• Inner monologue: Show the character’s inner monologue – the dialogue the character has with himself/ herself in silence. Recreating your inner monologue, draws the audience in and makes them feel like they were listening in during your thought process. E.g. “Ah, I can’t believe this. Everyone will think that I’m a failure…”.
  • Pause: When something surprising happens in your story, pause and feel the moment for a few seconds. Silence is a powerful tool to communicate an emotion.


Why it matters: If you limit yourself to one “voice/character”, you are missing out on an essential tool to make the story more compelling. By adding dialogue between two characters to your story, you can turn a dry story into a more relatable story with real people.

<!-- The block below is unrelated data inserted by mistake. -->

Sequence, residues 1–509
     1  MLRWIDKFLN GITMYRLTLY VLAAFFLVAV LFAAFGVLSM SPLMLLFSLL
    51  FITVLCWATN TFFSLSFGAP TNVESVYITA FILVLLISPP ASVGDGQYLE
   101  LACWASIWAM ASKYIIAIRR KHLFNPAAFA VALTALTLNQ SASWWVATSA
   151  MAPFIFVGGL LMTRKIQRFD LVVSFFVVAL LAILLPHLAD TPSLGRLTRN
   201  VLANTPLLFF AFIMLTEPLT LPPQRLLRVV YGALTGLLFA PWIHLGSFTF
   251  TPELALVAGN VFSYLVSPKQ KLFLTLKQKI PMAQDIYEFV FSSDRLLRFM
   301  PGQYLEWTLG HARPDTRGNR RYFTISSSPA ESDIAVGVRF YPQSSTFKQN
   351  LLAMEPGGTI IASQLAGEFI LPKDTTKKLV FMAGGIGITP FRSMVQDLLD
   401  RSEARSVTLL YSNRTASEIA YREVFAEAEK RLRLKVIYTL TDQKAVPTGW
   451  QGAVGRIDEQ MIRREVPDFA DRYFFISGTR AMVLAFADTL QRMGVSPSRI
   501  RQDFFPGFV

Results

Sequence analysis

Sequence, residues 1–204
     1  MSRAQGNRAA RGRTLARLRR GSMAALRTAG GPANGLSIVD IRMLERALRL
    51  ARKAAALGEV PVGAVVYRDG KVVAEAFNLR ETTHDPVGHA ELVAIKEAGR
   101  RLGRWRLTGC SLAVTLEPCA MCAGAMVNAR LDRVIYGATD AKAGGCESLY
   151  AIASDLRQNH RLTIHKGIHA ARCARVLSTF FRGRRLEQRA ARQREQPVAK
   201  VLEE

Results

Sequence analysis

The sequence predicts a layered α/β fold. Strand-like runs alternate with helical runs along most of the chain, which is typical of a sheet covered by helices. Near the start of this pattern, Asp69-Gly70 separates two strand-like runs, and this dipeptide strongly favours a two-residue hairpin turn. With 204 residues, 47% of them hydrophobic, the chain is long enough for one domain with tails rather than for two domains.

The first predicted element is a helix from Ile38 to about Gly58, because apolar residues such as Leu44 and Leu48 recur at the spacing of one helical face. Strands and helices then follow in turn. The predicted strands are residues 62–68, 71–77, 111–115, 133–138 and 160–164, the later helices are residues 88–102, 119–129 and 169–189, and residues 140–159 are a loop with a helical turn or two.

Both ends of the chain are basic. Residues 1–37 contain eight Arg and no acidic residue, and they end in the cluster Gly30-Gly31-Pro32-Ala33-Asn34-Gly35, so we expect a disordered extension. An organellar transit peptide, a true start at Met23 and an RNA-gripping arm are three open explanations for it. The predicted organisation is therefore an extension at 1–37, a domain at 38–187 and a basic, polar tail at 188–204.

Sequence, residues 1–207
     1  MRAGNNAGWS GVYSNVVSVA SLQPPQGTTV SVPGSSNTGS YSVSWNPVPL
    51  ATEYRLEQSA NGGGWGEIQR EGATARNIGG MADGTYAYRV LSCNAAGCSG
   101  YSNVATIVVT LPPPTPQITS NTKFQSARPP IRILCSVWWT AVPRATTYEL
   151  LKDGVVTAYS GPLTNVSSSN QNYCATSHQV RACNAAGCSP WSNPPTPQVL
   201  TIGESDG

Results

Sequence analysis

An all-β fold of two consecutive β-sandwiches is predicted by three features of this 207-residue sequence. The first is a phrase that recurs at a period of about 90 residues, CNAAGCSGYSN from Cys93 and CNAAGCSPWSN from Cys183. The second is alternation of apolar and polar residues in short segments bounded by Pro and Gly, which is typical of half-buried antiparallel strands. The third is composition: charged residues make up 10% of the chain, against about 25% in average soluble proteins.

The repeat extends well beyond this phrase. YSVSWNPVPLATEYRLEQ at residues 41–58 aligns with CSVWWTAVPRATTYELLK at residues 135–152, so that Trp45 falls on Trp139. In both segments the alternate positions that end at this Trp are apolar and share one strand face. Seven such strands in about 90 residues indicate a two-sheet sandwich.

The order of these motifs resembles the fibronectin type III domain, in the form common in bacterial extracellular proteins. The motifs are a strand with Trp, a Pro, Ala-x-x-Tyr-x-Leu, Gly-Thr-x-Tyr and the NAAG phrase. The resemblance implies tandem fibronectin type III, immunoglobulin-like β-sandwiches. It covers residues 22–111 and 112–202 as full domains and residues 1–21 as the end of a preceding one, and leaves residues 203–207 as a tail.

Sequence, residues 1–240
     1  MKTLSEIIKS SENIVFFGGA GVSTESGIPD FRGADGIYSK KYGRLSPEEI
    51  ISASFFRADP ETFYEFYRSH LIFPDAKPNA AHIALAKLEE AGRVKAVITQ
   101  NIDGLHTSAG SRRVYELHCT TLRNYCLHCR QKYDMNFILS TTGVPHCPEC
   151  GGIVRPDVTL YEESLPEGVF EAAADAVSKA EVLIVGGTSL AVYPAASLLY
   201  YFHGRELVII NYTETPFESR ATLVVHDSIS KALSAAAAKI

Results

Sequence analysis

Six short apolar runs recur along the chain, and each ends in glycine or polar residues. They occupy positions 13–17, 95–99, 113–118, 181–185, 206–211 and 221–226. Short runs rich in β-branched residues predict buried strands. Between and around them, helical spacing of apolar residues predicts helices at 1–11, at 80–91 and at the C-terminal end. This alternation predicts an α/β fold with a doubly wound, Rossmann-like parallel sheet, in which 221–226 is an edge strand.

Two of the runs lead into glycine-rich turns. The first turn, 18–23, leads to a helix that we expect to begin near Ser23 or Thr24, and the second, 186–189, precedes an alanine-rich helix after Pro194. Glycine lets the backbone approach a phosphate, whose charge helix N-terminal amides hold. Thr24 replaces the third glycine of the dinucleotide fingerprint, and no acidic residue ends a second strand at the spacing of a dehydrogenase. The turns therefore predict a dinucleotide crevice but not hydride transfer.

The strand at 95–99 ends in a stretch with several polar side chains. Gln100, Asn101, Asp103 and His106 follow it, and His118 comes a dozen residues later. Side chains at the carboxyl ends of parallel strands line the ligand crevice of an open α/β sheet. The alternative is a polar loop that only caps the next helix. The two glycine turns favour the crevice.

Another reason why dialogue is powerful is that it makes you sound more conversational.

How you do it: Make sure to include a dialogue in your story – most commonly when the character encounters the challenge. What does the actual conversation look like between the two characters? Don’t worry if you don’t recall exactly what the characters said. Often the stories happened months or years ago. In that case, create the dialogue as you think it happened.

To make it even more interesting for your audience try to speak as if you were the other character. What is his / her body posture? How does he/ she speak? If you can, try to mimic any notable traits and use facial expressions to show their feelings in addition to their words.